I first read this book a few decades ago when I was young and green, and fairly new to international spy stories (high school, in fact). I loved it then and I loved the film now. The length of time between reading the book and seeing the film was a benefit – there were probably many details of this twisting turning story that had to be left out. That’s okay – it’s been 30 years! I don’t remember them.
I was happily refreshed on the bits I did remember though and I thought all the actors did an excellent job with their roles. The cinematography and colouring was great – gritty and 1970s to the core. If it occasionally it seemed to drag on, I reminded myself, that I’d thought the same with the book and in both cases, I found myself unexpectedly in the middle of something big. This happens in a story with so many parts coming together.
From memory, I don’t recall that Guilliam was gay in the book but like I said, thirty years have passed and at 17 (or so) I might not have noticed any sexual inferences. My children, on seeing the film didn’t notice it this time around either. In fact, they didn’t get a lot of what was going on and didn’t enjoy it as much as their love of the cast suggested they might.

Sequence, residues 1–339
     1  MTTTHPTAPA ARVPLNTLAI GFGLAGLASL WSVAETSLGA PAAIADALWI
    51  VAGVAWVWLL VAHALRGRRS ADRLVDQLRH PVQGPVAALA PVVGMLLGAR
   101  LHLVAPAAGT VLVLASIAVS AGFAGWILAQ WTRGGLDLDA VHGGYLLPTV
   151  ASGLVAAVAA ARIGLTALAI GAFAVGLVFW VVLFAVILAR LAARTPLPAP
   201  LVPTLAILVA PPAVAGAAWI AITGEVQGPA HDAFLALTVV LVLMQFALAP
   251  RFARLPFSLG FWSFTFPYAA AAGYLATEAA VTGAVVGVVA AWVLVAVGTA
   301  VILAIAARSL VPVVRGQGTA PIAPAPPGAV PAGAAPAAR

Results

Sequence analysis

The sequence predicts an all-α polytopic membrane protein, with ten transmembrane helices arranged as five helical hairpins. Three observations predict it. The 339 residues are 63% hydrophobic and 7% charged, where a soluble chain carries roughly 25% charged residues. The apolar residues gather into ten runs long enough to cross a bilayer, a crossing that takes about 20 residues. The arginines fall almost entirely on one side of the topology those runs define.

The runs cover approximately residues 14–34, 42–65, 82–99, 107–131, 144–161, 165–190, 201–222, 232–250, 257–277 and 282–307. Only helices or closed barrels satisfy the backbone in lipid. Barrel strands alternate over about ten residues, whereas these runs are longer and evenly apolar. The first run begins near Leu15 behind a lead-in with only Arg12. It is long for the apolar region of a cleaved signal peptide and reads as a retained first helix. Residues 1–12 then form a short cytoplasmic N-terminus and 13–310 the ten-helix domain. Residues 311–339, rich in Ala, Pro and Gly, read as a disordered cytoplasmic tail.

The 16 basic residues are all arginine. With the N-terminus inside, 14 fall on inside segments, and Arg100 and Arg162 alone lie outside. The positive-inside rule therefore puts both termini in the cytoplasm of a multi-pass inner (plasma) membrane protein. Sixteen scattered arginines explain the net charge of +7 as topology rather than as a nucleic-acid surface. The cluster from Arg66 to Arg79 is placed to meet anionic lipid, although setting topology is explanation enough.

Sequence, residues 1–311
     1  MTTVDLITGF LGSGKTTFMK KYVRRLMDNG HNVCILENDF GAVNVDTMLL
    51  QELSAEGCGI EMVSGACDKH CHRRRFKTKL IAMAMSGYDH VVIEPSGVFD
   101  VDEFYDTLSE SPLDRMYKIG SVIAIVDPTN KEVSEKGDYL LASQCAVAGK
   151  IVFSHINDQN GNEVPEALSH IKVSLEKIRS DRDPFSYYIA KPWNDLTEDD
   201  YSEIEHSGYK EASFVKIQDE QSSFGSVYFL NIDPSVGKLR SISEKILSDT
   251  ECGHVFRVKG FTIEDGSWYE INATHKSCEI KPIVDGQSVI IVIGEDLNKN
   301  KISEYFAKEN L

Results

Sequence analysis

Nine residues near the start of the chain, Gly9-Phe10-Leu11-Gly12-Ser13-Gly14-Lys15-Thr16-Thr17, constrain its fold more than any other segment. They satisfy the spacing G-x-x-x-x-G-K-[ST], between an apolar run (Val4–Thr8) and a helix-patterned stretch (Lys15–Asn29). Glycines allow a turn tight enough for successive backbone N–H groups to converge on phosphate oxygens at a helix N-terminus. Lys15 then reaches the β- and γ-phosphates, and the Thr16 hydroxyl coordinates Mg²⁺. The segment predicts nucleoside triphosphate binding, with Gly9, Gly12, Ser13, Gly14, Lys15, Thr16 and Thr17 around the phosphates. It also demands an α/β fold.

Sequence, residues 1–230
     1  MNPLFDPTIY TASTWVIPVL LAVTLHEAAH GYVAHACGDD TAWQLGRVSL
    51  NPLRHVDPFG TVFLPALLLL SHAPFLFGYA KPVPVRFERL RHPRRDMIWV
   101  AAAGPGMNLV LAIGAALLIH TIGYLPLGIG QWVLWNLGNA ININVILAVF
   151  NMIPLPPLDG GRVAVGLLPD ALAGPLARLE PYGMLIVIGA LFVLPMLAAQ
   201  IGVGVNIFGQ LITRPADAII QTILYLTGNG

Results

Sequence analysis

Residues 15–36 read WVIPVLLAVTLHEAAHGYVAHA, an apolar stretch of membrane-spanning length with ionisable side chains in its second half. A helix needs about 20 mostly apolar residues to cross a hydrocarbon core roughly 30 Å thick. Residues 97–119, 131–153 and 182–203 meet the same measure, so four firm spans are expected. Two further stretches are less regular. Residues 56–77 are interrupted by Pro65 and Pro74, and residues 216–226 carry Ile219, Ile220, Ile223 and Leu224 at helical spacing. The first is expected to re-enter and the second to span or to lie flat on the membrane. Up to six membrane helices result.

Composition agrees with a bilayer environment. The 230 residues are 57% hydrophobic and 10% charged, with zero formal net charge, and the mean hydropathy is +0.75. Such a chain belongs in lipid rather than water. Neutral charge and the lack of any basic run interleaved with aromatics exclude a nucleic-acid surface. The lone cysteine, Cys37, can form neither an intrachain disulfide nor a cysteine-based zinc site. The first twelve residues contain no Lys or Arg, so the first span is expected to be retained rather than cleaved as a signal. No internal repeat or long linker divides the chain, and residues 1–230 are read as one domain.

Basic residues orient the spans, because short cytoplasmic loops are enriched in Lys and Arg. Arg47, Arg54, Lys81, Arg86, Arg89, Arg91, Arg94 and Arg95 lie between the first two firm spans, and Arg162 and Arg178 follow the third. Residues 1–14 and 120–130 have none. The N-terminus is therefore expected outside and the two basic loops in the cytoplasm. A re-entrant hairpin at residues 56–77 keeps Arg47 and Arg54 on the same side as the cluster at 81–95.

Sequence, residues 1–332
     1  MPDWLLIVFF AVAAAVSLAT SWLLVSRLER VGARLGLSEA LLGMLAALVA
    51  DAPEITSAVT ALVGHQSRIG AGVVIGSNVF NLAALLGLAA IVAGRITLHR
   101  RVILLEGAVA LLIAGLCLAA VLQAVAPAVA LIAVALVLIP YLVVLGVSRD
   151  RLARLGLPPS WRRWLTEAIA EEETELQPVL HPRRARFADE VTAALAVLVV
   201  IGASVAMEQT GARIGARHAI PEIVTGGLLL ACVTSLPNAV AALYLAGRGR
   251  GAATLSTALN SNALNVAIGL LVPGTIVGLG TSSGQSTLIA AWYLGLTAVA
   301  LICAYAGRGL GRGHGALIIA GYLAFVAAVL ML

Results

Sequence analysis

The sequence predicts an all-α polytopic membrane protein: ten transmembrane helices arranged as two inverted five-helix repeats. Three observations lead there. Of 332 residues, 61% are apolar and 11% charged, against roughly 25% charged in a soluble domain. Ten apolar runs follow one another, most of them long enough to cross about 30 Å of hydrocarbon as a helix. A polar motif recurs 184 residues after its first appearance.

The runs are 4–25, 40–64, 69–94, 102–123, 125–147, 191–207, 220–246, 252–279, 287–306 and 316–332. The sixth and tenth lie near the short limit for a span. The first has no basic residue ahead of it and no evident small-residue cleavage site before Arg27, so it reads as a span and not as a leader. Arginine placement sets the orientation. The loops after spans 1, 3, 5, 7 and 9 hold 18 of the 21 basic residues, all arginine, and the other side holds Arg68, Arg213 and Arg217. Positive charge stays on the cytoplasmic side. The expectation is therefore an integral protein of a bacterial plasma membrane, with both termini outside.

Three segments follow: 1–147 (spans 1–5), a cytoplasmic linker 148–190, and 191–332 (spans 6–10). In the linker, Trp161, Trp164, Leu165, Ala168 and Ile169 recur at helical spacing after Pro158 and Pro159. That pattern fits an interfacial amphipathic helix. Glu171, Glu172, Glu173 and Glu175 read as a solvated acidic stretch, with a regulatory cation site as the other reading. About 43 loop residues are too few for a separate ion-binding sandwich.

One of my all time favourite spy characters is George Smiley. Such an ordinary man in appearance and manner yet so smart and observant. An obliging spy if you will. He listened and watched and pulled all the strings together until he had his rug of truth. Obligingly letting the others tell their own stories and dig their own graves.
I hadn’t read a le Carre story in years and thought I might dig one or two out to reread when I found “A Constant Gardener” sitting in the back of my car. Hooked by the end of the first page. I’ve missed Le Carre’s stories – can’t wait to get back into them. Can’t wait to reread “Tinker Tailer…”.